Hull band Zero Cost do the sort of punk I really like, they do songs about something – issues, concerns, world events. This time they are tackling the upcoming UK and US elections in 2024.
I’ll come back to this in a bit but first the sound. In a phrase old style punk; breakneck speed, fast throbbing bass, spiky guitars. But it’s clever you see, this is no overwhelming wall of sound, you can hear ALL the instruments, there’s space in the sound. And this gives it power. It sounds fantastic, you got that.
Now, as the song is about something, you might be asking yourself ‘ is this a protest song, a commentary or a call for action?’ It’s actually all three of these. It – if I’m hearing it right – basically calls out both the Left and Right for being ‘the same old same old’, says that we need a change from this, and have the courage to demand something else. And it says this in words that are worth listening to properly. And while you may be thinking that the song is calling for a politics of a certain kind; it isn’t, it’s just calling for the same old same old to be replaced with something new, a change, and for all of us to have the courage to make that change.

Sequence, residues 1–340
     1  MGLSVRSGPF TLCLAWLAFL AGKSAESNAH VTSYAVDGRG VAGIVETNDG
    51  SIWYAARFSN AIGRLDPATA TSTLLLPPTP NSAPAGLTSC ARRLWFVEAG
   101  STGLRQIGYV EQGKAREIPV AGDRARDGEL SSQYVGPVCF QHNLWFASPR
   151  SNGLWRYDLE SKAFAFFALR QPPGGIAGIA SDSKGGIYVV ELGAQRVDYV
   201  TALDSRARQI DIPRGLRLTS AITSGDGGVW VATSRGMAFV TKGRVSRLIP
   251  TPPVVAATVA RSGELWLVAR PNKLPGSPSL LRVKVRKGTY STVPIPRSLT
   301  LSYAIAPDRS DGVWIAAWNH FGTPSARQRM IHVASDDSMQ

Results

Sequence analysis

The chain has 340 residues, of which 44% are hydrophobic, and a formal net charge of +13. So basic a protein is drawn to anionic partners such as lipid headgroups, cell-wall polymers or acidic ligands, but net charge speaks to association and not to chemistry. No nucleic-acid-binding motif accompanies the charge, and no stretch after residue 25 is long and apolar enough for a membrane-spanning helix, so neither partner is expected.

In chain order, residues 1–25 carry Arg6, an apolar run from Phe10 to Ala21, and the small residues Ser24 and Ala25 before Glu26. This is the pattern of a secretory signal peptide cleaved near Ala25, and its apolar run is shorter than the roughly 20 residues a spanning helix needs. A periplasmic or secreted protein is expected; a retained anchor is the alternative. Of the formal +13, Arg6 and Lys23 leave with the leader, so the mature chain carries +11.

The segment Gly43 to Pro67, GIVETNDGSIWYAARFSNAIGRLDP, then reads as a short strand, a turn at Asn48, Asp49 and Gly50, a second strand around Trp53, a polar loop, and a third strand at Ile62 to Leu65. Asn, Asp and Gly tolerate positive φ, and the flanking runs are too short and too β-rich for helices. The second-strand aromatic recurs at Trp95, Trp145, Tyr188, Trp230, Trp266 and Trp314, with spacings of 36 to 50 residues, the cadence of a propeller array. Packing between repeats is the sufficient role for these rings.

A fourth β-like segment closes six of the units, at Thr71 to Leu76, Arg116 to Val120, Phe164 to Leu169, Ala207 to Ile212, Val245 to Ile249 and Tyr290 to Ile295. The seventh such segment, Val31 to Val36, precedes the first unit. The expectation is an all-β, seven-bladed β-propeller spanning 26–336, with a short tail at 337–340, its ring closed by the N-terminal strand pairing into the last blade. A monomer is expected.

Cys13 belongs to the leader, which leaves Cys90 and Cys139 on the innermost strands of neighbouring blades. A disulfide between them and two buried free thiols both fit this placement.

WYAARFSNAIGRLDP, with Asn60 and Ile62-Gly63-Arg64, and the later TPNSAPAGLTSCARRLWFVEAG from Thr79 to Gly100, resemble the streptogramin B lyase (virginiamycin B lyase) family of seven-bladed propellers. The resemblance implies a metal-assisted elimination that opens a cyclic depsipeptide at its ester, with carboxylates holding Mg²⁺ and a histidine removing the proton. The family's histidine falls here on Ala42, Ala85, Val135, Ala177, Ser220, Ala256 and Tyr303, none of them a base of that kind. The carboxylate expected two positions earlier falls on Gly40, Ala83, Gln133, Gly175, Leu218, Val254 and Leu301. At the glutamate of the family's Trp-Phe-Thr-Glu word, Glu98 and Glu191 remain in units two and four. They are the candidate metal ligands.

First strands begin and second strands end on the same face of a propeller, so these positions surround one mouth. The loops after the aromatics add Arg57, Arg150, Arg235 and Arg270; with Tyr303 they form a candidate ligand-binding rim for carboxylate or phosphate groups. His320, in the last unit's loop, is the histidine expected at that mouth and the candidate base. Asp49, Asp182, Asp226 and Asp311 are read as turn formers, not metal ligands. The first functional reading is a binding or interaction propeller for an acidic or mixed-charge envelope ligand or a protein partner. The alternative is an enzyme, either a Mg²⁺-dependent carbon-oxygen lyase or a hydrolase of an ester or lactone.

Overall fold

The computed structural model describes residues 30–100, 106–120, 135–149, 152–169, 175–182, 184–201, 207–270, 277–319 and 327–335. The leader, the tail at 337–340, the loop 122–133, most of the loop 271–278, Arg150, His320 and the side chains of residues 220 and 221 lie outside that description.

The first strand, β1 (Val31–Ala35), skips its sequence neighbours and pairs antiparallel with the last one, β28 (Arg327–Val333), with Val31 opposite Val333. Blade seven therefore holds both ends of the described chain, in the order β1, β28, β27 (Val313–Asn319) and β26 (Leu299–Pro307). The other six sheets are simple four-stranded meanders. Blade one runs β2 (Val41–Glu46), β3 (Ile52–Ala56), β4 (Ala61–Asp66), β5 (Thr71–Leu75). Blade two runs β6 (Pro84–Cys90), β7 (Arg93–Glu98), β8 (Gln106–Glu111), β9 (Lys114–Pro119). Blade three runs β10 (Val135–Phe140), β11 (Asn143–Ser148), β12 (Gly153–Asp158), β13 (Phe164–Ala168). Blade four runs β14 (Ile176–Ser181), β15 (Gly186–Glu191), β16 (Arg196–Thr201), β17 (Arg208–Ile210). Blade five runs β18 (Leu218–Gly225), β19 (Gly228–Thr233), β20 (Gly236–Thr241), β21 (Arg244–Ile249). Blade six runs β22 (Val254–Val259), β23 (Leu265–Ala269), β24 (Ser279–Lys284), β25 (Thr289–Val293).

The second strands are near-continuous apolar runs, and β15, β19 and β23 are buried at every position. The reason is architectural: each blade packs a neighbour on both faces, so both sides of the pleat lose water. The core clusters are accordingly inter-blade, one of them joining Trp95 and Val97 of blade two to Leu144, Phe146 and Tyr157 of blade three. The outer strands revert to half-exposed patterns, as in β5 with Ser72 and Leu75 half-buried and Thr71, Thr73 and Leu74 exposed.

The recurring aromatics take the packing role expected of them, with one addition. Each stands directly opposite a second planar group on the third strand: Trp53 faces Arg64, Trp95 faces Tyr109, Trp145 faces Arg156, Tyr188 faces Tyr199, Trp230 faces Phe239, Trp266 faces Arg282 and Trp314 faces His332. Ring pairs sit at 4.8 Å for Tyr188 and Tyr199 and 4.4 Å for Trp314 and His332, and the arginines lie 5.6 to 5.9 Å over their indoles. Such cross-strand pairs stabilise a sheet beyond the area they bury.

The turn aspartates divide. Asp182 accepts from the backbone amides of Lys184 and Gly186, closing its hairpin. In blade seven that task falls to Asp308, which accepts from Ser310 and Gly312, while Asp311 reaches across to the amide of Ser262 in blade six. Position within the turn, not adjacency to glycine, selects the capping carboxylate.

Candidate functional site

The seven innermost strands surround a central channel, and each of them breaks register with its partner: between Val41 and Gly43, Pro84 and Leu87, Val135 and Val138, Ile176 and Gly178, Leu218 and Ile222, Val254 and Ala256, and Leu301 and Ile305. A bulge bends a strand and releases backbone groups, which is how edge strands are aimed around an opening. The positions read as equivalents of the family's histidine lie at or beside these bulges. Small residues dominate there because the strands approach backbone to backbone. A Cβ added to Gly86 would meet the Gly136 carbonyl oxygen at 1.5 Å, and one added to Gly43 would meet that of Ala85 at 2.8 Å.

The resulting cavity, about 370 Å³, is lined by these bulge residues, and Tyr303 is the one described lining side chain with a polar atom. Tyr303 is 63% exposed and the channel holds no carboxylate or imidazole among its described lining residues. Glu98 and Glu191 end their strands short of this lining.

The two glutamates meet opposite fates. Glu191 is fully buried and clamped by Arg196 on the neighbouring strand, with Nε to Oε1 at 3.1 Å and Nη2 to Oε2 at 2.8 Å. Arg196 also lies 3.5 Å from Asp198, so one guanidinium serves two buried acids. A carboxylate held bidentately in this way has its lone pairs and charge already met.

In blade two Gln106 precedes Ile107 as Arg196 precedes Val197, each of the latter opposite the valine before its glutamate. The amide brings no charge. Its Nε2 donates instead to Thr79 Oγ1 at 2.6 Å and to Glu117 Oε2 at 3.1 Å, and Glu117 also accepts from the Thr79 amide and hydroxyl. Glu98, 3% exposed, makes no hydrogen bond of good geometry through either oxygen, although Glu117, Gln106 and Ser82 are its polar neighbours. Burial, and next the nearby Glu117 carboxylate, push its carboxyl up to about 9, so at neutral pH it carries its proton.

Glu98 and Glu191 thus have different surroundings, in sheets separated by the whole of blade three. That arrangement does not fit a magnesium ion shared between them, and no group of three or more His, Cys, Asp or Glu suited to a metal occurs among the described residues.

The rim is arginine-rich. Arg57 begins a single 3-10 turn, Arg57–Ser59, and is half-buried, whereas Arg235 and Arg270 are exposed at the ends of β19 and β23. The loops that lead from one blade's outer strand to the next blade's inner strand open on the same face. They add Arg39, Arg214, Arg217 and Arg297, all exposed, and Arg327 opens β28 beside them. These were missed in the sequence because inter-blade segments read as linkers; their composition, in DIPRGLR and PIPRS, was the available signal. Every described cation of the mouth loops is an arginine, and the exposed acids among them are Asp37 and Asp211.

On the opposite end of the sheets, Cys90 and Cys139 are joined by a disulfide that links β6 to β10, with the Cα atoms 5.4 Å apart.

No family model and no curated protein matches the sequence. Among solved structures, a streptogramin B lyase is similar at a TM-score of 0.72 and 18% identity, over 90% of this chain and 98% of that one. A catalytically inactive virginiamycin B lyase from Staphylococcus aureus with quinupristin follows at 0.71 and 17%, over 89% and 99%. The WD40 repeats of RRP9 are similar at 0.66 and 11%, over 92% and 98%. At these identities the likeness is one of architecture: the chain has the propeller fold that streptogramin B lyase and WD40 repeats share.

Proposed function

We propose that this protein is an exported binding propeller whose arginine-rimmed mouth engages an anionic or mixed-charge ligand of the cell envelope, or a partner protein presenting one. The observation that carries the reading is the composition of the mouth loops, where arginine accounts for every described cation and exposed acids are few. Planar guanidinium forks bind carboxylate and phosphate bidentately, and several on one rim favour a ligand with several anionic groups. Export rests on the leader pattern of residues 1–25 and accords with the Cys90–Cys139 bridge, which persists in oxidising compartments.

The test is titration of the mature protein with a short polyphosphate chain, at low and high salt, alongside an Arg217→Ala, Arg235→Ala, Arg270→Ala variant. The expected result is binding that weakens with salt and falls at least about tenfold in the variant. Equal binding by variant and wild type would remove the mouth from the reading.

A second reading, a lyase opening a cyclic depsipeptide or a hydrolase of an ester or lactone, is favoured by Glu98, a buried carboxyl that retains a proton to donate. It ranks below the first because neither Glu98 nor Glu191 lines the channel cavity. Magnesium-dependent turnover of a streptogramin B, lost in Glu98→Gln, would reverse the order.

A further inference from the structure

Zero Cost do songs that sound bloody fantastic and are about something, and ‘Red Or Blue’ does that brilliantly. In a word, outstanding.
It is a while since I reviewed a release from Matilda Shakes; I’ve missed their raucous sound.
‘Fever Dream’ is raucous but it isn’t the dance yourself into exhaustion sound I quite expected. It’s a sinuous witchy sound that twists around you like smoke. It sounds a little Southern Gothic. It has what I’m going to call swagger. And it’s cinematic; you can imagine a dark smoky film when you listen to it. It has all of this but it also has the band’s trademark guitars to the max.
It is somewhat retro; the guitars are distinctly old style heavy rock, they crunch like fuck. But the band have always flirted with something retro, and yes, there’s something of a raw indie rock sound. But as predictable as that might sound, it isn’t, they have a real signature sound.
And as tempting as it is just to listen to the drippingly good guitars; take a moment, more than a moment, to listen to the words. These are great words, words that make you smile, words that tell a story.